The Waning Influence of US Labor Unions
Samuelson, Robert J., American Banker
WE ARE WITNESSING what increasingly looks like the twilight of the American labor movement. Just last week, the Supreme Court delivered another blow -- a decision limiting unions' ability to discipline their members.
The setback is only the latest in a long string of defeats. Economic, political, and social tides are all running strongly against unions. By the 21st century, they could dwindle to insignificance.
There are those who will applaud labor's decline. They are wrong. In our pluralistic society, checks and balances are as important for the economy as for the government. Business executives who salivate at the thought of vansihing unions are almost certainly short-sighted. Without effective unions, widespread worker grievances may ultimately lead to inflexible responses -- rigid court decisions and bureaucratic regulations.
But the labor movement's shrinkage is mostly self-induced. Unions haven't adapted to a work force that is increasingly white collar, female, and professional. They haven't developed a convincing social and economic role for office, instead of factory, work. Meanwhile, they have abused their economic powers in industries that were umionized in the 1930s and 1940s. The result has been a steady drop in the unionized share of the nonfarm labor force, from a peak of 35.5% in 1945 to 17.9% in 1982.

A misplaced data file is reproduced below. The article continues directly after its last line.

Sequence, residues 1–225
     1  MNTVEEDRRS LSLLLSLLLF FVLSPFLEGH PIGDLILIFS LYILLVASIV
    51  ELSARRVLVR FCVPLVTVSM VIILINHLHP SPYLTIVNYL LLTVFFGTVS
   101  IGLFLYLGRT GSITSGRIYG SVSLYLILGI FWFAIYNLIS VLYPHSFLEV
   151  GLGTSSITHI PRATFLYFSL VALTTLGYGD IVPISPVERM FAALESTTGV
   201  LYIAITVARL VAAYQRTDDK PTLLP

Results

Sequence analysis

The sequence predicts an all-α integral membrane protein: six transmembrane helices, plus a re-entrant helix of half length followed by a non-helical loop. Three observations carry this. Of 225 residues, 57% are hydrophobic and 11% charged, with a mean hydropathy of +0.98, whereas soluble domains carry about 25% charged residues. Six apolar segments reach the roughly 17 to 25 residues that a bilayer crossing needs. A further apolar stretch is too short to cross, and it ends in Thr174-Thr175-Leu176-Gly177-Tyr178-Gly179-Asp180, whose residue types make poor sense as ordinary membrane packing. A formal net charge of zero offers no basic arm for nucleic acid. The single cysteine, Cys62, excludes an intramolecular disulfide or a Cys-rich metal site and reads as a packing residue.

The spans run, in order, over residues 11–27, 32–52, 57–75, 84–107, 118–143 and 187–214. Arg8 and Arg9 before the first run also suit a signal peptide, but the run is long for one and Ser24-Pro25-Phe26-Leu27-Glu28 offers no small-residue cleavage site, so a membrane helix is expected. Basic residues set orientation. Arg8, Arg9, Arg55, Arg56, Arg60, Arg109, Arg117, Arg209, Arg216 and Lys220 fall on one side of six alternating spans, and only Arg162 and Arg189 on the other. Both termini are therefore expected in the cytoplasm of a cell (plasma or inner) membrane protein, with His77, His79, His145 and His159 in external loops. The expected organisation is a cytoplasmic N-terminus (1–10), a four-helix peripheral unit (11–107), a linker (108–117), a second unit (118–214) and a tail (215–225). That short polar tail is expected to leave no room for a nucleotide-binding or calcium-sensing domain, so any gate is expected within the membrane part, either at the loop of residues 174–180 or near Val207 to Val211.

A few years ago, two Harvard economists -- Richard Freeman and James Medoff -- suggestd a useful distinction between unions' good and ill effects. On the one hand, unions can raise wages through a monopoly control over labor, enforced by strikes. In 1980, union wages were roughly 30% higher than comparable nonunion wages. This power benefits some workers, but it hurts society. Excessively high labor costs can bankrupt companies, put entire industries at a competitive disadvantage, or cause firms -- as a way of surviving -- to substitute machinery for people.
The healthier form of union influence is what Freeman and Medoff call "voice": the ability to affect working conditions and protect workers against arbitrary employer demands or dismissal. At its best, the unions' "voice" role can improve worker morale, while making companies more competitive -- and profitable -- through superior working practices and management. Stronger firms can, in turn, pay higher wages and provide better job security.
If unions are to survive, they will have to develop new ways of exercising this role. Workers want to be heard, but they increasingly fear theat excessive wage and fringe benefit demands will jeopardize their jobs. Recent polls show that majorities of nonunion workers believe that unions both "increase the risk that comapnies will go out of business" and "stifle individual initiative."
There are some signs of change. companies and unions are increasingly sharing information about plant and competitive conditions. A recent study by Audrey Freedman of the Conference Board, a business research group, found that firms with these agreements report better worker morale and production results. …